Generally information must be useful and serve a purpose from the part of users’ perspective. Good information is that which is used and which creates value. Experience and research shows that good information has numerous qualities. Information must be useful to someone and where it will be used making any kind of decision. Information needs to be of high quality to be useful and accurate for the users. Good information is relevant for its purpose, sufficiently accurate for its purpose, completes enough for the problem, reliable and targeted to the right person.
Characteristics of quality information
- Accuracy: Information needs to be accurate enough for the use to which it is going to be put. Information needs to be of high quality to be useful and accurate in order to fulfill the user’s requirement. To obtain information that is 100% accurate is usually unrealistic as it is likely to be too expensive to produce on time. Accuracy of information is much more important. For example, if government statistics based on the latest census wrongly show an increase in births within an area, plans may be made to control birth rates and ultimately it will create negative impact of general people of the country against the government taken policy.
- Reliable: The information that a person uses must be relevant to the current problem at hand. Reliability deals with the truth of information. In particular, information should faithfully represent that which it purports to represent, or could reasonably be expected to represent. People will use information without any doubt in their mind and make any kind of decision without risk. For example, when an author writes a book in any discipline people trust the author for getting reliable information presentation. In that case, author employs editor for presenting reliable information to its readers for just ensuring the reliability of information.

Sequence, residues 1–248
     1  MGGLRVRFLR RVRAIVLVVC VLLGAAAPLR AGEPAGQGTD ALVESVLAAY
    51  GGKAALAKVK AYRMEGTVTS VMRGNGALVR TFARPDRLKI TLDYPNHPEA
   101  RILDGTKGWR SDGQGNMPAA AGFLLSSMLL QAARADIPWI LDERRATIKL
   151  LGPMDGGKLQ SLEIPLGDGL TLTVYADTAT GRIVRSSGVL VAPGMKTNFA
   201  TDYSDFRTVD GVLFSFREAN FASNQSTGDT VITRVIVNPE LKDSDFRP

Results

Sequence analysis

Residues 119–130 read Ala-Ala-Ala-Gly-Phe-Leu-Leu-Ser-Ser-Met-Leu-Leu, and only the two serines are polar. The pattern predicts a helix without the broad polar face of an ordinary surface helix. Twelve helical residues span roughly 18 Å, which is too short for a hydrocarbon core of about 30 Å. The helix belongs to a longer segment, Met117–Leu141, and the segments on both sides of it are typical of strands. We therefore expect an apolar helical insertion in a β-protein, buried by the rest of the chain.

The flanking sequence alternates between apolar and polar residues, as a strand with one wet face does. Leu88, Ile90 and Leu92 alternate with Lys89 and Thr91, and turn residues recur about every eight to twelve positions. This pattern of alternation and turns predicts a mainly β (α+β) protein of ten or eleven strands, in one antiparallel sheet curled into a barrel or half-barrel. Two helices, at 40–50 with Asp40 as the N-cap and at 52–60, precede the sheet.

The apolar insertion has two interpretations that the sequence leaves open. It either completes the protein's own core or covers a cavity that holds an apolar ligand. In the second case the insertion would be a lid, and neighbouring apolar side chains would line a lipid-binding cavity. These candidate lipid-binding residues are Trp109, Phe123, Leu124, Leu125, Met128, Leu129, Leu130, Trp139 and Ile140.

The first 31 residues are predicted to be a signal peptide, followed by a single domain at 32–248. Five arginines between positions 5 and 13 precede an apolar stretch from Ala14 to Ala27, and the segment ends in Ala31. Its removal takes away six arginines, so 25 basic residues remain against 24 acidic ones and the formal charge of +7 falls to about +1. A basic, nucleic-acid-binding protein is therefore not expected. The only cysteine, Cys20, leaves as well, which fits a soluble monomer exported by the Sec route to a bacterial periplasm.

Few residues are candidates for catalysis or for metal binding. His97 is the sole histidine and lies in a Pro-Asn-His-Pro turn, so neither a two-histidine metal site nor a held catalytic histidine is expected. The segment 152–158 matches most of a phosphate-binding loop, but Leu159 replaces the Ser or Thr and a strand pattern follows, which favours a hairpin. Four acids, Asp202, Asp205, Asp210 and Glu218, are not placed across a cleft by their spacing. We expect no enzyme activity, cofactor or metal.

- Completeness: Completeness is another attribute of high quality information. Information should contain all the details required by the user. Otherwise, it may not be useful as the basis for making a decision. For example, if ABC Inc. is supplied with information regarding the costs of building a flat for its client and servicing and maintenance costs are not included, then a costing based on the information supplied will be considerably underestimated and also incomplete.
- Timeliness: Information must be on time for the purpose for which information is required. Out-of-date information can keep a company from achieving their goals or from surviving in a competitive arena. Information received too late will be irrelevant for making any kind of decision. For example, if you receive a brochure from ABC Inc. and notice there was an offer of discounting for purchasing a flat by yesterday, then the information is too late to be of use of it and making decision to utilize it.
- Cost of Providing Information: The information used must be of economical use to companies that use them. Information should be available within set cost levels that may vary dependent on situation. Cost benefit analysis should be taken into consideration for using any kind of information. For example, ABC Inc. wants to start a market survey on a new product’s promotion purpose. The survey could occur promotion cost more than the forecast initial profit from the product. In that case, ABC Inc. would probably select that a less costly source of promotion channel should be used, even if it may give somewhat inferior information as well as customer’s impact.